Gary Younge’s book, Another Day in the Death of America: A Chronicle of Ten Short Lives chronicles young people who were shot during one day in November of 2013. After the failure of President Obama’s push for more infringements on the Second Amendment, he decided to pick one day at random, determine the details of each shooting victim, and put a human face on them. It must have seemed like a good idea, a way to mix activism and make a buck while pushing the anti-gun agenda.
The problem is that Younge is honest enough to tell the truth of what he found, as much as he could, given his false assumptions about the nature of reality.
He found that the gun control movement is based on lies. Not that Younge’s above stretching the truth himself. He calls 18- and 19-year-old adults “children.” He has to do this, of course, to get to the numbers that the gun haters use in their propaganda.
The vast majority of “children” killed with guns are young males between the ages of 15 and 25, nearly all of whom are victims of gang violence. Most are gang members themselves.
He found that parents in the ghettos where these killings occurred don’t think that gun control is the answer to the problem.
Which brings us to the second thing that struck me while talking to these families about the 10 young deaths of November 23: When I posed an open-ended question to the victims’ parents about why they thought these tragedies kept happening, not a single one mentioned guns. When I asked a more leading question about what they specifically thought of guns, they would always be more forthcoming. Almost all of them saw the ubiquity of guns as a problem. But it did not necessarily follow that they saw getting rid of guns as a viable solution.
As is usually the case with so-called progressives, Younge blames the killings on the guns, not the people who wield them. He uses the old “developed nation” scam to claim that it’s the very presence of guns that cause the killings. But that dodge depends on the reader never checking out the facts about international comparisons. It’s all about selection bias.
If you cherrypick countries you classify as “developed” you can make any case you want. The truth is that other nations have many more or less homicides and many more or less suicides, per capita, than the United States. But the number of guns has little influence on those numbers.
If you look at individual nations before and after gun control laws were implemented, there is little change…except murder rates tend to rise slightly after controls are imposed. Younge, however, didn’t have to investigate international comparisons for this book, so he just spouts anti-gun dogma.
As a “progressive”, it’s not surprising that Younge puts forward the usual excuse of racism for the high level of criminality in the communities where violence is concentrated. But any community where the rule of law is not trusted will tend toward higher levels of violence.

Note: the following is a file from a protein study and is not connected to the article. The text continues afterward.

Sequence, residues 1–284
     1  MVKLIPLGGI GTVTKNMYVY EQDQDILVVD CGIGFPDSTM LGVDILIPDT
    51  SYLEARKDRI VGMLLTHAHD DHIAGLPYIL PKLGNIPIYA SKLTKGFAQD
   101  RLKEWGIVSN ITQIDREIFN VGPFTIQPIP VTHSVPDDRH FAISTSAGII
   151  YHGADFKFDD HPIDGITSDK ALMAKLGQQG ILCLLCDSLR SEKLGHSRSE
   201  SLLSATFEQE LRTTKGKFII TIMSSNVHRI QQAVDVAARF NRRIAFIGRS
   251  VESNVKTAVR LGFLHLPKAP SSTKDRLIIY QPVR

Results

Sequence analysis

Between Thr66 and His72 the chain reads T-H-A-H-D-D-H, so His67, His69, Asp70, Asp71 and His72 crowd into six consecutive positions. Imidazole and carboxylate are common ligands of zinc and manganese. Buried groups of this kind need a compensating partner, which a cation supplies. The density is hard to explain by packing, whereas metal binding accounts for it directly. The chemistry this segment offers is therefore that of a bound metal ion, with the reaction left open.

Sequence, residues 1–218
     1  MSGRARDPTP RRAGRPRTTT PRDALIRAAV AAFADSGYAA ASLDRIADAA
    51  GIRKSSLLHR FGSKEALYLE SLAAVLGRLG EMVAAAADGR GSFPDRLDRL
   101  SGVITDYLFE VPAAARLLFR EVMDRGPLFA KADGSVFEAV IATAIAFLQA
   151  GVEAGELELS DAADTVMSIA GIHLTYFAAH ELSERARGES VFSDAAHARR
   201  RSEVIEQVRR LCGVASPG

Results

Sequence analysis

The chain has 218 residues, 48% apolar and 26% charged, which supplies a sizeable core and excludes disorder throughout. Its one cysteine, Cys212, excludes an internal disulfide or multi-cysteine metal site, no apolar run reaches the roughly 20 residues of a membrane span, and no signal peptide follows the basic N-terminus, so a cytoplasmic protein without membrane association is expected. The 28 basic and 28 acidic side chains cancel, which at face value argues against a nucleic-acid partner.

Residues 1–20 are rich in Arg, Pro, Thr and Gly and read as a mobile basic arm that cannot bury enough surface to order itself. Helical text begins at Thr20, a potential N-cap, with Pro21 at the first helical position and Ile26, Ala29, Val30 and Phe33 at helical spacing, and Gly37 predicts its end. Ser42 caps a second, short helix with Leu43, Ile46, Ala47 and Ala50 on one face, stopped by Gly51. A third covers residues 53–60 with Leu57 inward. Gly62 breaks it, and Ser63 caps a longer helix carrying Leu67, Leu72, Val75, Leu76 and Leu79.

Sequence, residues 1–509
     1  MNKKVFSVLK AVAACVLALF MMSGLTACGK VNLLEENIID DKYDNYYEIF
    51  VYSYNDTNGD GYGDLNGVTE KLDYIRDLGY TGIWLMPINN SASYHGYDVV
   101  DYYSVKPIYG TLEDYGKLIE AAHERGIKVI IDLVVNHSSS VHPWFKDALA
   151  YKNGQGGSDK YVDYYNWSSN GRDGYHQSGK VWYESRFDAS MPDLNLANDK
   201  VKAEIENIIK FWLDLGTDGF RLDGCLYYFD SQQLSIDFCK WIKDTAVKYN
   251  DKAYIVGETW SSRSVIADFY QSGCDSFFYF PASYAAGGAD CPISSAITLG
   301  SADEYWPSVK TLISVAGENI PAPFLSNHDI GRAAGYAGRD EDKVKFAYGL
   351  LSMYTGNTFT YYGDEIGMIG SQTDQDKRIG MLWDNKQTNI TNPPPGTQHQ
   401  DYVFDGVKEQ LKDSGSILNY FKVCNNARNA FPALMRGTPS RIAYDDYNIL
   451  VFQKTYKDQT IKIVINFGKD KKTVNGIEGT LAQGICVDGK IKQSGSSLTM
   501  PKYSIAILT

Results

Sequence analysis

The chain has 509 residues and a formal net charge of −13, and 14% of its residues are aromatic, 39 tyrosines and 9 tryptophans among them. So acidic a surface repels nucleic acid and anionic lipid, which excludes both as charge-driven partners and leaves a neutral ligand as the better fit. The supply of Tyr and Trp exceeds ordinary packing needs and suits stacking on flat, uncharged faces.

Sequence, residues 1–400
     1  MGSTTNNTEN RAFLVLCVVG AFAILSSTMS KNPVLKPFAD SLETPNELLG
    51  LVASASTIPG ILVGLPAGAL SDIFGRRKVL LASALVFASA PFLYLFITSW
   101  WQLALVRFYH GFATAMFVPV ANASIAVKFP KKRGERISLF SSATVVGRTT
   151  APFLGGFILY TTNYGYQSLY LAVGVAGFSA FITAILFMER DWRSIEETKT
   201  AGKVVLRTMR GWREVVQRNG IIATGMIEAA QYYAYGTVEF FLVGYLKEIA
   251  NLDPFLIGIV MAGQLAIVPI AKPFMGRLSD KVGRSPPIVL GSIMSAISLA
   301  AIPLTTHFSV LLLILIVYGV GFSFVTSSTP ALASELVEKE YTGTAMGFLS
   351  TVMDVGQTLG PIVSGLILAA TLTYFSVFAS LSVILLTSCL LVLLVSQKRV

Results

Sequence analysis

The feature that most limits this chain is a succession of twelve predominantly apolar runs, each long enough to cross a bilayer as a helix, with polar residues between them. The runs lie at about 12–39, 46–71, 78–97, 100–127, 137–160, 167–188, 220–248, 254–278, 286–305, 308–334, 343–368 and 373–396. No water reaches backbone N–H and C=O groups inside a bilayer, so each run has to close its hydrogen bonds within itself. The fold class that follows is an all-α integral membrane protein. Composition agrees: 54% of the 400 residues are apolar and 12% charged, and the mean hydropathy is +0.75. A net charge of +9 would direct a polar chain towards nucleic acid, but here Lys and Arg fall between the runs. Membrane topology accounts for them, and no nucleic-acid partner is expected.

The same result is found all over the world, in communities in Africa, South America, Europe, and Asia. Where there’s no reliable rule of law, people revert to tribalism. In the U.S., the tribes or proto-tribes, are gangs. The commonality is the lack of an effective rule of law, rather than race. The cure is to rebuild trust in the rule of law. If the high crime rates in black urban areas are going to be reduced, people who live there must come to understand that the rule of law is real and will be enforced there. It is precisely what has worked in the approach promoted by David Kennedy from Harvard.
Pushing the idea that black people cannot rely on the rule of law creates the conditions that multiply crimes and criminality in predominately black neighborhoods. Claiming that endemic racism is the cause instead of the lack of the rule of law only makes matters worse by creating distrust and an unwillingness to cooperate with the authorities. We are seeing that problem playing out with the Ferguson effect, all across the country.
The tone of the article in The Nation is refreshingly pessimistic. Younge doesn’t have any solution to the intractable problems he found. The facts are against the imposition of gun control in the United States.
People don’t blame the actions of criminals on the guns that they use. People who don’t live in ghettos don’t see the ghetto problems as their problems. People who don’t face a high risk of violent crime don’t see a need for infringements on the Second Amendment. And people who face a high risk of violent crime find the idea of being armed perfectly reasonable.
I am not going to buy Younge’s book, at least not now. Maybe in a few months, when it’s featured on the remainder table. I already know the reality far better than he does, because I have studied the issue for decades. But “progressives” who have some degree of intellectual honesty, if they check out the facts, may realize the narrative they have been sold is a false one.
©2016 by Dean Weingarten: Permission to share is granted when this notice is included.